Affairs of the heart

Affairs of the heart

Vijay Singh

Paris: Will supermodel-singer Carla Bruni accompany French President Nicolas Sarkozy to India, was the question doing the rounds when one left Delhi a few days ago. I was surprised to be confronted with the same question upon landing in Paris. Sarkozy-Carla’s visit to India, with the prospect of their nascent romance being blessed by the Taj Mahal, was beginning to become a riddle, when a former colleague from the French daily Liberation called to inform that Carla herself had phoned the newspaper to clarify that neither are they yet married nor will she be accompanying the French president to India. “Oh no! How disappointing!” lamented an Indian journalist on learning the news. “We were all set for her. She’d have taken the press by storm. You know whose fault this is — this wretched protocol!”
    I’m not quite sure if protocol is the only factor behind Carla’s decision not to accompany Sarkozy to India, but if it is, it is truly regrettable. In this world of rapidly changing behavioural patterns, shouldn’t we be reading the protocol manuals with some personal discernment? In the case of Sarkozy and Carla, the bottom line is that she is his companion and that they are in the process of formalising a legal bond. So what is all this fuss about? Shouldn’t a president’s companion be accorded the right to sit wherever such people are seated, particularly when we say that a “Guest is God” in India? At a slightly deeper level, is a magistrate’s stamp the only legal instrument left on this planet to confer legitimacy to personal desire or love? Protocol manuals will soon have to be revised in keeping with the times.
Today, almost every Frenchman sounds quite taken up by the Sarkozy-Carla affair, which is rare in this country. In contrast to the Anglo-Saxon countries, politicians here enjoy a much greater freedom in their personal lives, and nobody really goes prying into the dark corners of their libidinal lives. Joie de vivre and an epicurean sensuality are part and parcel of everyday French life. Not very
long ago, former President Francois Mitterrand was known to go around with his mistress, and nobody batted an eyelid.
Since one was a bit intrigued about the Sarkozy-Carla excitement in France, one decided to do a random check by calling a few friends and acquaintances. A ministry of national education officer was quick to react: “Sarkozy wants to be president in the day and a rock-n-roll star at night. We can’t accept this. A president is a president”. Another friend, a foreign editor with a respected French daily, remarked: “You must respect the limit between personal and state matters. My mother, for instance, feels that by behaving like a star and a tycoon he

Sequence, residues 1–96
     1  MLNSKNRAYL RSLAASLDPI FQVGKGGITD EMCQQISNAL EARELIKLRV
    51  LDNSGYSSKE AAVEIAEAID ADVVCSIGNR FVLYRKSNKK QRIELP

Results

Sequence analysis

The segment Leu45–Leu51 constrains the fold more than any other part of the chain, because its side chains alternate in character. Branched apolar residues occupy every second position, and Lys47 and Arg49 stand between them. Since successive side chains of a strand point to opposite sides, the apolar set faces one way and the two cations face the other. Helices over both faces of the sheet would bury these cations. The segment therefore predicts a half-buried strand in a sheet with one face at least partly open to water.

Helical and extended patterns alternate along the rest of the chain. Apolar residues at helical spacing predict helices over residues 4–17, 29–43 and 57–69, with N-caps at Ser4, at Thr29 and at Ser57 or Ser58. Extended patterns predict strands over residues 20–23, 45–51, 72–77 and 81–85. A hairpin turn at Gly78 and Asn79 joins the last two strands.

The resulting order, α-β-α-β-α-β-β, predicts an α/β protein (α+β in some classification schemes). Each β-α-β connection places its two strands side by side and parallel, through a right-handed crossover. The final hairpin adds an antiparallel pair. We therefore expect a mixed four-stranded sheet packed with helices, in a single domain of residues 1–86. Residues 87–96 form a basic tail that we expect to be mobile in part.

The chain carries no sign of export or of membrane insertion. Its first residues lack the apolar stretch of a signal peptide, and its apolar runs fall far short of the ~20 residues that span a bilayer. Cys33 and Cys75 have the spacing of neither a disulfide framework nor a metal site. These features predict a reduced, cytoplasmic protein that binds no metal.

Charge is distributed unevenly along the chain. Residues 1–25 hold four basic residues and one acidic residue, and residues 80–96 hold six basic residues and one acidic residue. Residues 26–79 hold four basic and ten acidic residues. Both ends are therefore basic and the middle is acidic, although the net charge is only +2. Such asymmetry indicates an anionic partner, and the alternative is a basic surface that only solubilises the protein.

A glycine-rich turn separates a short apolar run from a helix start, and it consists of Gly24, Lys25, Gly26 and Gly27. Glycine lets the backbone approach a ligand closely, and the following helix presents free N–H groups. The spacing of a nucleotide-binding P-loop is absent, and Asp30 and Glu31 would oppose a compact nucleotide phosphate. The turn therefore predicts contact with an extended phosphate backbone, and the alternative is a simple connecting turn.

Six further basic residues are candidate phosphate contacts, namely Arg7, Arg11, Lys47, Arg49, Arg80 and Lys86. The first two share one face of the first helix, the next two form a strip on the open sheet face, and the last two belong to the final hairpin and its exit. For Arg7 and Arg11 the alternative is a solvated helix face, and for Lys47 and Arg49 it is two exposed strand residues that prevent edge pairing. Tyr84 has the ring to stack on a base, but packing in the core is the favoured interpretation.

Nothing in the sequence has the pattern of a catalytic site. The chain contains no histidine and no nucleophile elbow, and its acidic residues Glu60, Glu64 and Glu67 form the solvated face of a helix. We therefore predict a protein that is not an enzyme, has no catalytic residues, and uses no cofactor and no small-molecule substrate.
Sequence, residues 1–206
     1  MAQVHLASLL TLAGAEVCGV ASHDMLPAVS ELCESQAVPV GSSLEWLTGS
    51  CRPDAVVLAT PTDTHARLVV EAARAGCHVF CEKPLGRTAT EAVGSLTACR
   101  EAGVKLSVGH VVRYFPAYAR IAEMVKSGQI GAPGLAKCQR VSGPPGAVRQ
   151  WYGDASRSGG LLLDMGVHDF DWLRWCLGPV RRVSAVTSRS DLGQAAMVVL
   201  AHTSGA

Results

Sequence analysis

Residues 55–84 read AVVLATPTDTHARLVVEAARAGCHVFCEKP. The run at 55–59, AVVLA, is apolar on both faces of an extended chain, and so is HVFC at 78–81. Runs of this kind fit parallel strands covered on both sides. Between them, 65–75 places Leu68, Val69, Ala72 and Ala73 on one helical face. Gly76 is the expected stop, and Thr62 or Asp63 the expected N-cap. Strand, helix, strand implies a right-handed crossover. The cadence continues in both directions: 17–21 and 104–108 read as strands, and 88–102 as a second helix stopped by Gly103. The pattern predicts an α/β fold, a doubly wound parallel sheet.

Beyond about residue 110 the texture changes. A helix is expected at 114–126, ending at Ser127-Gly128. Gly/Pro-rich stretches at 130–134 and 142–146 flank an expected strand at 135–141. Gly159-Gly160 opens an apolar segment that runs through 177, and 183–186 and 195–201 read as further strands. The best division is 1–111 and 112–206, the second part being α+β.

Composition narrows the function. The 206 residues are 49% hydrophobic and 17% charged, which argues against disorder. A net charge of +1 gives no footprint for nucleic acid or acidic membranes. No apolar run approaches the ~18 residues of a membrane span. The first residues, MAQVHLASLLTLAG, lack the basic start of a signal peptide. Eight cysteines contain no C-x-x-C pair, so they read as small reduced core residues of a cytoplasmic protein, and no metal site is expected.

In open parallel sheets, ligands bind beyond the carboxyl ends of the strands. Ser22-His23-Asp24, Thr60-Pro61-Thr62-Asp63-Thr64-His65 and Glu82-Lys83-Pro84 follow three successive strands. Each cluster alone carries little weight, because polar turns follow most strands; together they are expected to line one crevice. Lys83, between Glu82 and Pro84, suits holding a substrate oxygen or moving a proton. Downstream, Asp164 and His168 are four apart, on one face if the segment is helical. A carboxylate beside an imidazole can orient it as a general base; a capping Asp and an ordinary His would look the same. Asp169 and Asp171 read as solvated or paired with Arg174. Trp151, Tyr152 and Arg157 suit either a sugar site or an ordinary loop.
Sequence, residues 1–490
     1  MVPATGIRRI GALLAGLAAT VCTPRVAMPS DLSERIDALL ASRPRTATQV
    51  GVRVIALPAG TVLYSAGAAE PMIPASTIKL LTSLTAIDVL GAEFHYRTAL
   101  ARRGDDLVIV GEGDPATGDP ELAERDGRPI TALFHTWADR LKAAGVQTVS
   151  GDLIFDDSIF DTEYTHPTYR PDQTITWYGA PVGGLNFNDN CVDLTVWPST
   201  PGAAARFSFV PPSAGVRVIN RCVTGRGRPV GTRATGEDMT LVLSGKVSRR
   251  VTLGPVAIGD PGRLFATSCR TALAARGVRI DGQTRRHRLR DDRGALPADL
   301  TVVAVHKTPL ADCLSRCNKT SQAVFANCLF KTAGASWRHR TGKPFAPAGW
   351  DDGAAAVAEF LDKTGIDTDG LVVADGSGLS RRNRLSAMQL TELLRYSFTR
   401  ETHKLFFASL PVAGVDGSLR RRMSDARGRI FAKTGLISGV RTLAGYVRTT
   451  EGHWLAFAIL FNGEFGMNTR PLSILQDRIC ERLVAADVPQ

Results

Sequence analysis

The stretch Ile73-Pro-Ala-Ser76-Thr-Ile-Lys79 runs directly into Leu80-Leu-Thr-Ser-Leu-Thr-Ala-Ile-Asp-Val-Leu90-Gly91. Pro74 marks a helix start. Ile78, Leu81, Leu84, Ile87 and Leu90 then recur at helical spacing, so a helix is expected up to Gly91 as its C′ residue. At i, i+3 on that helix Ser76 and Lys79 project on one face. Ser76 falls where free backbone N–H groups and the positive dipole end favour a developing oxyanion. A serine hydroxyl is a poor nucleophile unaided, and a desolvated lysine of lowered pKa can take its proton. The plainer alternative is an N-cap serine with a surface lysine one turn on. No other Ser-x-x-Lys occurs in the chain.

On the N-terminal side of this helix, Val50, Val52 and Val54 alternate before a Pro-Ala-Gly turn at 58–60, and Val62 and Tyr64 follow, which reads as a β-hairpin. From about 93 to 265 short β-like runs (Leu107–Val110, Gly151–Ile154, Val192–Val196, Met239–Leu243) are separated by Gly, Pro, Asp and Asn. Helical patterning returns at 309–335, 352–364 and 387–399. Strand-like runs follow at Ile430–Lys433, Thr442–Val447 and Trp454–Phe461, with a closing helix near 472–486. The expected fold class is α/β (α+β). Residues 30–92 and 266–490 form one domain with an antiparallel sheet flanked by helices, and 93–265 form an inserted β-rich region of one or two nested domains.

has compromised the dignity of his office”.
A high school teacher, however, asserted that far too much was being made out of the whole thing, an opinion substantiated by a recent opinion poll in La Croix
where 93 per cent of the people polled felt that the French press had gone overboard about the affair. My plumber, for instance, said with a joyous smile: “Isn’t it good to have a beautiful face in Elysee after all those wrinkled oldies there?”
The Sarkozy-Carla affair might have marginally contributed to the decline in the president’s popularity ratings, but the real reason lies elsewhere: it’s the common man’s preoccupation with his economic condition. One of the major strands of Sarkozy’s election campaign nine months ago had been purchasing power. Ce soir ou jamais, a TV programme, telecast two speeches of the French president the other night. In the first, made nine months ago, Sarkozy-thecandidate was promising his electorate more purchasing power.
In the second, delivered two weeks ago, he was arguing that purchasing power was just one amongst many issues. “What do you expect of me?” he asked exasperatedly. “I empty out coffers which are already empty?” Perhaps it was a faux pas or an overstatement or just the plain truth. But the common man felt that a promise had been broken.
The writer is a film-maker.


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